3 Highly Personal Songs Dan Wilson Co-Wrote with Other Artists

Many of us became familiar with Dan Wilson when his band Semisonic released one of the most popular rock tracks of the late ‘90s, “Closing Time.” While generally understood as a song about having to leave a bar that’s about to close for the night, Wilson has said it was also a metaphor for birth—as in getting “bounced from the womb.” Childbirth was very much on Wilson’s mind when he wrote “Closing Time,” as he and his wife’s first child was born not long after he penned the song.

Videos by American Songwriter

While Semisonic has not had another hit of the magnitude of “Closing Time,” Wilson has gone on to be an extremely prolific writer of hit songs for other artists. Among the better-known songs Wilson has co-written are “Treacherous” from Taylor Swift’s 2012 album Red, Chris Stapleton’s 2023 hit “White Horse,” and Adele’s 2011 No. 1 smash “Someone like You.” The latter of these songs, much like “Closing Time,” had a personal meaning for its singer.

In a previous piece for American Songwriter, Wilson explained how Adele wanted him to help her write a song about the heartbreak she was feeling over a relationship that had recently ended. In an interview for the San Francisco Examiner, Adele said Wilson “had me on my hands and knees, crying my eyes out—there’s just something about him that made me completely open up as a composer.”

Wilson has also helped several other artists to open up and create some of their best work. That certainly was the case for the three esteemed artists listed below.

Dixie Chicks, “Not Ready to Make Nice”

“Not Ready to Make Nice” is about the band’s reluctance to forgive radio stations for blacklisting them after lead vocalist Natalie Maines was critical of the imminent U.S. invasion of Iraq in 2003. Wilson worked with The Dixie Chicks on nearly half of their 2006 album Taking the Long Way—their first studio recording since getting blacklisted and their last under the name Dixie Chicks (they became The Chicks). During one of their sessions, Wilson asked about their experience of having their music taken off the airwaves.

Prior to a solo performance in Los Angeles in 2012, Wilson explained the process of writing the song began with him recalling Maines saying, “I’m not ready to make nice” the morning after they had discussed the band getting blacklisted. Excited and caffeinated, Wilson arrived at the studio with his idea for the song’s title, and by the end of the day, “Not Ready to Make Nice” was written. In explaining the role that caffeine played in the song’s composition, Wilson remarked that mathematician Richard Feynman once said, “A mathematician is a machine for turning coffee into theorems.” He then added, “It’s possible that a songwriter is a machine for turning caffeine—or wine—into songs.”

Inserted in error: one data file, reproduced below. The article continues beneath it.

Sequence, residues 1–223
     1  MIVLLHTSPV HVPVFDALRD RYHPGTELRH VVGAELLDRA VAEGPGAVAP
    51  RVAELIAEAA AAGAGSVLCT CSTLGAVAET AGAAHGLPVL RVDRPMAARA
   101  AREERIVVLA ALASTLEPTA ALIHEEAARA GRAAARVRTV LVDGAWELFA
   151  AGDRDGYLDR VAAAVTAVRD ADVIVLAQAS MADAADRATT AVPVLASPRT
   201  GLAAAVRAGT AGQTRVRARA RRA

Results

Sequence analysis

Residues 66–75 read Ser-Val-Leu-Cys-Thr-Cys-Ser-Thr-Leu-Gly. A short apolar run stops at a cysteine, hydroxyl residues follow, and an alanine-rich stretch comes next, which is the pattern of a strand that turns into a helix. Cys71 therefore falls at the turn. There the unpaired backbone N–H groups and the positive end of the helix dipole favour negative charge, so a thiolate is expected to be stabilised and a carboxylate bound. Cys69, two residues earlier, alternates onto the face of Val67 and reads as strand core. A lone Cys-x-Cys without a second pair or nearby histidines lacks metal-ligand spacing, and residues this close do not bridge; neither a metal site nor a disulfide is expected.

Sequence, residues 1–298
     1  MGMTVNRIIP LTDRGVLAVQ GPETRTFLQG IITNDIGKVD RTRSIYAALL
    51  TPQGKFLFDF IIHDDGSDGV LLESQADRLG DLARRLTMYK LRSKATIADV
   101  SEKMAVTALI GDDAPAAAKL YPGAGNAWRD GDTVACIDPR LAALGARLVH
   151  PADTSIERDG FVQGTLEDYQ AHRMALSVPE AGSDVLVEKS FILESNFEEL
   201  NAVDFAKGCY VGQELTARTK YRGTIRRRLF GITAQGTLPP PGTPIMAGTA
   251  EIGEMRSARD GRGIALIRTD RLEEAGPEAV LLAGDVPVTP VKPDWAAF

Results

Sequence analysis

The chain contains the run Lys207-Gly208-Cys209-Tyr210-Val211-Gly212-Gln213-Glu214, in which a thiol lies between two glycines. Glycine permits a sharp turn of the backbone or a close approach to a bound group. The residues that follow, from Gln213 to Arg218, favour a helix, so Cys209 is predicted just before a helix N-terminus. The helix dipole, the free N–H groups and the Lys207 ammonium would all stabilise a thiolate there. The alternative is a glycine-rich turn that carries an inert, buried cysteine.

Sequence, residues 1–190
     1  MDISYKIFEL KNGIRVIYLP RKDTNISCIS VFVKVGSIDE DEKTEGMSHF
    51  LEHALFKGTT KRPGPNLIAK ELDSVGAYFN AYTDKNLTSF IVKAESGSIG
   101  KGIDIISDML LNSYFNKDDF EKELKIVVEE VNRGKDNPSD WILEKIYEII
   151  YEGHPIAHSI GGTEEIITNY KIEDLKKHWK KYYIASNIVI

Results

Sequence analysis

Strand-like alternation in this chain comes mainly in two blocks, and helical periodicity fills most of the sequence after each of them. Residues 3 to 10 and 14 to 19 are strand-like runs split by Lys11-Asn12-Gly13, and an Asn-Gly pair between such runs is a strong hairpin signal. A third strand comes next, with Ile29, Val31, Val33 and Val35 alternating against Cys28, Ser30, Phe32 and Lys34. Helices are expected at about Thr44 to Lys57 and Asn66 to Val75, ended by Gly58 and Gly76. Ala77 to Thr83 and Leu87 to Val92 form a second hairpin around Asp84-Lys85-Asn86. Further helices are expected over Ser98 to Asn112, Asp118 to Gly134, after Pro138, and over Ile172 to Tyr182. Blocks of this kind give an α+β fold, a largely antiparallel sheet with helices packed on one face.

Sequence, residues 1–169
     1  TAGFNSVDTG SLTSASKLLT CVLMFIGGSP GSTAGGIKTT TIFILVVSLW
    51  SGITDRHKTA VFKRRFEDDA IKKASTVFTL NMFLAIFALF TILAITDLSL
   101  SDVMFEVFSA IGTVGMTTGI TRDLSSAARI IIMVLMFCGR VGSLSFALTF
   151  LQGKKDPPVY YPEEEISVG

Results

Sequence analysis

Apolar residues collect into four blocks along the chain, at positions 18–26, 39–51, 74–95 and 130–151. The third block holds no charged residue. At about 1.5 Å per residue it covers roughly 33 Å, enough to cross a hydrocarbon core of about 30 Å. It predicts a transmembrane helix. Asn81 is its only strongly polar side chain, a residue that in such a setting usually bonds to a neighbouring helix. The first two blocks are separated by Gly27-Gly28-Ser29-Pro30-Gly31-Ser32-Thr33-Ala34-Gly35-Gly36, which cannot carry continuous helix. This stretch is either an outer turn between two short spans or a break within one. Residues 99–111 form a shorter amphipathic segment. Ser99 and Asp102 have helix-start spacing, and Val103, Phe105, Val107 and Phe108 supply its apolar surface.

Taking the Long Way became The Dixie Chicks’ third No. 1 album, and as the lead single, “Not Ready to Make Nice” made it to No. 4 on the Billboard Hot 100—the highest peak achieved by any of their singles. It also reached No. 36 on Billboard’s Hot Country Songs chart.

Mitski, “The Only Heartbreaker”

Across Mitski’s seven album’s, “The Only Heartbreaker” is the only track for which she had a co-writer. She explained to Apple Music she worked with Wilson on the song because it “was this puzzle that I couldn’t solve. … And so I brought the song to him, and it turned out he’s really good. He helped me solve so many of the problems and kind of lead me out of the labyrinth of it.” In “The Only Heartbreaker,” Mitski bemoans a relationship where she is the only one making mistakes, but she is also the only one who cares enough to take risks. Through the song, she was trying to convey her awareness of her own imperfections and, at the same time, recognize that being imperfect is not the same as being bad.

Mitski’s second single from her 2022 album Laurel Hell became her first (and, so far, only) No. 1 song on Billboard’s Adult Alternative Airplay chart. To date, Laurel Hell is Mitski’s only Top 10 entry on the Billboard 200, peaking at No. 5.

Jon Batiste, “It Never Went Away”

Wilson’s ability to connect with his songwriting partners was particularly critical for his collaboration with Batiste. He was charged with helping Batiste write the closing number to his 2023 documentary American Symphony. The documentary details the coinciding of Batiste’s rise as an award-winning composer/musician and imminent Carnegie Hall premiere of his orchestral work American Symphony with the return of his wife Suleika Jaouad’s leukemia. In “It Never Went Away,” Batiste sings of his never-ending love for Joauad and their adventures together, even when God laughs at the plans they make together.

Batiste wrote “It Never Went Away” in the same musical style as lullabies he wrote for Jaouad to paint and fall asleep to. He said Wilson encouraged him to write the lyrics directly, avoiding metaphors. Wilson’s recollection of the songwriting process was of the co-writers “kind of trading lines in the verses.” In an interview for Minneapolis TV station KARE, he said, “It’s hard for me to sometimes remember which part who made up; I almost would trust the other person more.”

“It Never Went Away” was nominated for Best Original Song at the 2024 Academy Awards. Batiste performed the song at the awards ceremony.

When you purchase through links on our site, we may earn an affiliate commission.

Photo by Amy Sussman/Getty Images

Leave a Reply

The Meaning Behind “Blow Away” by George Harrison and How It Helped Revitalize His Solo Career